Published by Self Published on November 13, 2018
Genres: Contemporary, Romance
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He’s the bad-boy biker. She’s the good girl working in her family’s Indian restaurant. On the surface, nothing about Trucker Carrigan and Pinky Grover’s instant, incendiary, attraction makes sense. But when they peel away the layers and the assumptions—and their clothes—everything falls into place. The need. The want. The light. The laughter. They have more in common than they ever could’ve guessed. Is it enough? They won’t know until they take a chance on each other—and on love.
Holy smokes! This novella was so good! How have I never read anything by Suleikha Snyder before? I don’t know how I’ve missed her up to now, but I plan to remedy that immediately. This was so good. So good.
Pinky Grover was very confused by her attraction to Trucker Carrigan. There was no reason for her attraction. Trucker was a member of the Eastville Eagles motorcycle club, and as far as I could tell, they embodied every stereotype of a Midwestern biker gang. They were dirty, unwashed, racist misogynists who ran drugs and guns through the small town of Eastville. Except Trucker, of course. He was beautiful and sensitive and kind. But he was still a member of the Eagles, which was why Pinky was confused. As a Punjabi woman in the middle of Indiana, the racist, misogynistic Eagles are the last people she should be anywhere near.
Trucker had his reasons for being part of the gang, but he couldn’t discuss them with Pinky or anyone else. But it meant he was reluctant to get involved with her, though after one taste of her, he realized it would never be enough.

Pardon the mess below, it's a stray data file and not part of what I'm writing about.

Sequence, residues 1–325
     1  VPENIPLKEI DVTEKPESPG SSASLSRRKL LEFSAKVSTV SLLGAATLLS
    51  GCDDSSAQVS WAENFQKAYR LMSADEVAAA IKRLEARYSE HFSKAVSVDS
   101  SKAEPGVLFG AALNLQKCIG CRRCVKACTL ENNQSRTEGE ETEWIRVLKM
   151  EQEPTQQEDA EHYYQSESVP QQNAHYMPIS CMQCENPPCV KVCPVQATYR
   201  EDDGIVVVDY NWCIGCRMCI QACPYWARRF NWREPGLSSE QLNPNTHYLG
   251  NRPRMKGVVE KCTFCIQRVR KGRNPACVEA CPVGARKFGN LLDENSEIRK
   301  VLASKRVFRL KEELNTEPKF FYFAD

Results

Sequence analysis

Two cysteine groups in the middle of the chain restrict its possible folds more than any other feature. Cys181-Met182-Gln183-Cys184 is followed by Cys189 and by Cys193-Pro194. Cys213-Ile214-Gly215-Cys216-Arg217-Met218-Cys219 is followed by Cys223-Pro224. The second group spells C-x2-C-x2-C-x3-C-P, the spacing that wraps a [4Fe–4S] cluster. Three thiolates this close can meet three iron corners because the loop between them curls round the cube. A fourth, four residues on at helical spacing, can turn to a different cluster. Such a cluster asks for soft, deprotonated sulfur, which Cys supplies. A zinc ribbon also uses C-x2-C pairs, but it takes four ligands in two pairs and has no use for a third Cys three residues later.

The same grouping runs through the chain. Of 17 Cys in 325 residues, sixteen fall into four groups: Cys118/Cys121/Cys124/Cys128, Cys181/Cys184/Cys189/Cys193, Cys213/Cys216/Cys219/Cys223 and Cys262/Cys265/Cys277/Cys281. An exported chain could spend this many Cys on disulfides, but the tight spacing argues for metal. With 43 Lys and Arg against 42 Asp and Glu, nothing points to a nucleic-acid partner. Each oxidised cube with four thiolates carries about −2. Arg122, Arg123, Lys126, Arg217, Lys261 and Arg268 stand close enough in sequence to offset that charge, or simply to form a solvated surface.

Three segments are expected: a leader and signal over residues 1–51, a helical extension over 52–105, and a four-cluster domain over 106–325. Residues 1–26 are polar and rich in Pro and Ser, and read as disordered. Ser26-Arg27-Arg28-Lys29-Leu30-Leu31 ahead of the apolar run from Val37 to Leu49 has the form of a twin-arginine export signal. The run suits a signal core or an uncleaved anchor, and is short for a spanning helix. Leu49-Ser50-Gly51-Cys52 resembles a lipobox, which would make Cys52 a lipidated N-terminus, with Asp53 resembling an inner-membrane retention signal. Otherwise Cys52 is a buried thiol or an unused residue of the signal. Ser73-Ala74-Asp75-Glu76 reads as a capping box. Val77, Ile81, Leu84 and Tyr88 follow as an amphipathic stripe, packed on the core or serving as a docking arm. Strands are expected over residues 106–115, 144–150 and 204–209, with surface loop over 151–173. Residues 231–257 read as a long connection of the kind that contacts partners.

Once these two got together, their only issue was how they were going to stay together. There was no waffling, no indecision. They wanted to be together, but the circumstances were going to make that difficult.
This was so good. I know I’ve already said it, but I can’t believe I’m just now finding this author. Even though this was a novella, she was able to convey more than a lot of authors can do in full novels. I was completely invested in both Pinky and Trucker immediately, both as individuals and as a couple. And I couldn’t figure out how they were going to be able to make their relationship work. Once the shit hit the fan with the Eagles, I couldn’t see any way out of it.
In fact, this is what kept me from giving this book a full five stars. The end was a little hand-wavey for me. There are some serious issues that are going to have to be addressed in order for Pinky and Trucker to make this relationship work, and they weren’t addressed. View Spoiler »So Trucker has been extricated from the Eagles, and given a brand new identity by the FBI. Great. He’s been assigned to the Chicago office, and now he and Pinky can make it work together, because their story is that she’s just a pretty bartender he happened to meet. No reason for the FBI or the remaining Eagles to think anything of it. Great. What about Pinky’s family? They’re very close. Is she supposed to never go home again? Is he just never going to go back to Eastville? He makes a joke about having more of her mom’s samosas, which would seem to imply he’s planning to be back in Eastville at the restaurant at some point. (It also could have just been a joke). « Hide Spoiler But that’s going to be a big deal eventually, even if it isn’t right away, and I was disappointed it wasn’t discussed.
Other than that, though, this novella was perfect. Both of our main characters were real – people who had strong ideas about what they wanted, even if they didn’t know exactly how to go about getting it, and people who screwed up sometimes. And the banter – oh, my, the banter. I love good banter, and it if this is an example of what I can expect from Suleikha Snyder, I cannot wait to devour her backlist. In short, go get this novella; you will not be sorry.